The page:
Well, the good news is that the new antidepressant I’m taking seems to be helping. For all the people who said I was “over-thinking”, that may have been technically correct, but it was the wrong focus. The actual problem was that I was under-feeling, so any over-thinking was an attempt to fill in the gap. So, the actual fix wasn’t for me to work on thinking less, it was to figure out how to feel more.
The bad news is that the “feels” that I have been having are bad ones. To do a little “vaguebooking”, I really shouldn’t have been reading those old emails I was reading. …and no, they’re not to/from the person you’re probably thinking about. I know better than to read emails traded with her.
I followed a Facebook link to this article tonight. This line totally stood out to me:
Thinking “too much” about things would become a character flaw.
What people who know me need to understand is that when I hear the well-intended thought that I’m over-thinking, that’s how it comes across to me.
Continue reading Over-thinking Perceived as a Character Flaw
Something that’s so clear to me sometimes seems like pure fantasy at other times, and I think that right now I understand. Because of that, I think it’s critical that I write this now. For me, words are so powerful, that things that I’m feeling are simply not real unless I can explain them with words.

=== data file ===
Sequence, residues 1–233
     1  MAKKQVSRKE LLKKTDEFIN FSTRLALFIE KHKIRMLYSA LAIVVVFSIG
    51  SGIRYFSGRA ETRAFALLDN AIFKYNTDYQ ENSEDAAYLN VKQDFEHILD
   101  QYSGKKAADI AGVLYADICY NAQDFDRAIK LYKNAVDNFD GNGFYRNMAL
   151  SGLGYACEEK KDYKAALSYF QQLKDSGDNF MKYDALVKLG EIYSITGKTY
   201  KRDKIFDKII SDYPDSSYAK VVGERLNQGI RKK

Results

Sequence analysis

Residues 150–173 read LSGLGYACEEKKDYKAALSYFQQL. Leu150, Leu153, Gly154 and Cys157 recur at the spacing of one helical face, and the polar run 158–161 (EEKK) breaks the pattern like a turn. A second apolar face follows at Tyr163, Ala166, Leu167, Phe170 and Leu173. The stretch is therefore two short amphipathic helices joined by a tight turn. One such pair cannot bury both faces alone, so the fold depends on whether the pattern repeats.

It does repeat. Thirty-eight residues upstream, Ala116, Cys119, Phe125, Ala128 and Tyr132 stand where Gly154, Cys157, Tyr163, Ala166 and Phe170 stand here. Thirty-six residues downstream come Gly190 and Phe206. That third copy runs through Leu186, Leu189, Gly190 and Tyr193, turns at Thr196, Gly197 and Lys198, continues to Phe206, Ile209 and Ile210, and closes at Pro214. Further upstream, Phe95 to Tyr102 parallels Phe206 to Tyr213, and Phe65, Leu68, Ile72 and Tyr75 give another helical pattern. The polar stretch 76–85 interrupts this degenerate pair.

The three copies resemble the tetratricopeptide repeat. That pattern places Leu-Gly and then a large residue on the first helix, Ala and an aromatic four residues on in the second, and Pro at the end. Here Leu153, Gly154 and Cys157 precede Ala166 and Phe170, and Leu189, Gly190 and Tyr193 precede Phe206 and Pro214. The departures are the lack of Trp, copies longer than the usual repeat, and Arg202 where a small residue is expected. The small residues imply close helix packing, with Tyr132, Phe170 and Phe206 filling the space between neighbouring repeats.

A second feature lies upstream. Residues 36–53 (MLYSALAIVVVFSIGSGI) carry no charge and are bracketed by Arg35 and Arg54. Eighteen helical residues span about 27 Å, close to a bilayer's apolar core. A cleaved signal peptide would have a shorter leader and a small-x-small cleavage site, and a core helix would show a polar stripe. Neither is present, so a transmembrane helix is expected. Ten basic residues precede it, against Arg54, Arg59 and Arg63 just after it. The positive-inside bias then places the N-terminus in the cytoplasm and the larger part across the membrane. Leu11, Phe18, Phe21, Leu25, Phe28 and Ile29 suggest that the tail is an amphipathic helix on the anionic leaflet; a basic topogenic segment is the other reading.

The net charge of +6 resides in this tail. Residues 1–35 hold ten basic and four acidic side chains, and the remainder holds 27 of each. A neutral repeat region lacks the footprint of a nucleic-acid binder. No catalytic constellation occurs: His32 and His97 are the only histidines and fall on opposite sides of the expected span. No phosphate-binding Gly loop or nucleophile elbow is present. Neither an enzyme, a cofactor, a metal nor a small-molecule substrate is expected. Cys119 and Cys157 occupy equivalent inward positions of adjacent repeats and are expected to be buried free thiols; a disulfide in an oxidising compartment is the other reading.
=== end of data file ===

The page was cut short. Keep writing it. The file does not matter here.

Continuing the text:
This morning, the words are describing a concept that’s pretty much obvious to people that know me. I’ve had a crisis of confidence for something like six years now, and it’s at the base of pretty much all my problems. Paradoxically, this crisis of confidence is the very thing that keeps me from truly believing that it’s the real “root” of my issues. The crisis is basically “protecting itself”.
I’m already beginning to lose the “edge” of feeling that was driving this, so I’m not going to be able to finish writing about it in this post. Heck, I’m probably not even going to be able to really get started. What I’ve done is added a new tag (“crisis of confidence”) that will allow me to write more later, and the tag will tie all those posts together.
Here’s a quote I ran across tonight:
You’ll never be able to find yourself if you’re lost in someone else.
I think the quote is true, and I’m betting that most of my friends know who I think I was “lost in”. The real trick is, though, that there’s a big distance between realizing that and knowing what to do about it. I had become so comfortable being “lost in” her, that my first instinct is to do it again with someone else.
For anyone who didn’t catch the reference I made in my previous post here (stealing from Kevin Smith on that one), I don’t think I’ll be “chasing Amy” any more. In truth, I stopped doing that even before she left, but it’s comforting to finally (I think) understand the “disconnect”.
One of the basic contradictions I’ve been trying to figure out is the difference between how I saw Amy and how some of my friends saw her. As is always the case for me, though, I’m not able to fully understand something unless I have words for it. This morning, I think I finally figured it out. Hang on, because this one is definitely going to be a bumpy ride. ;)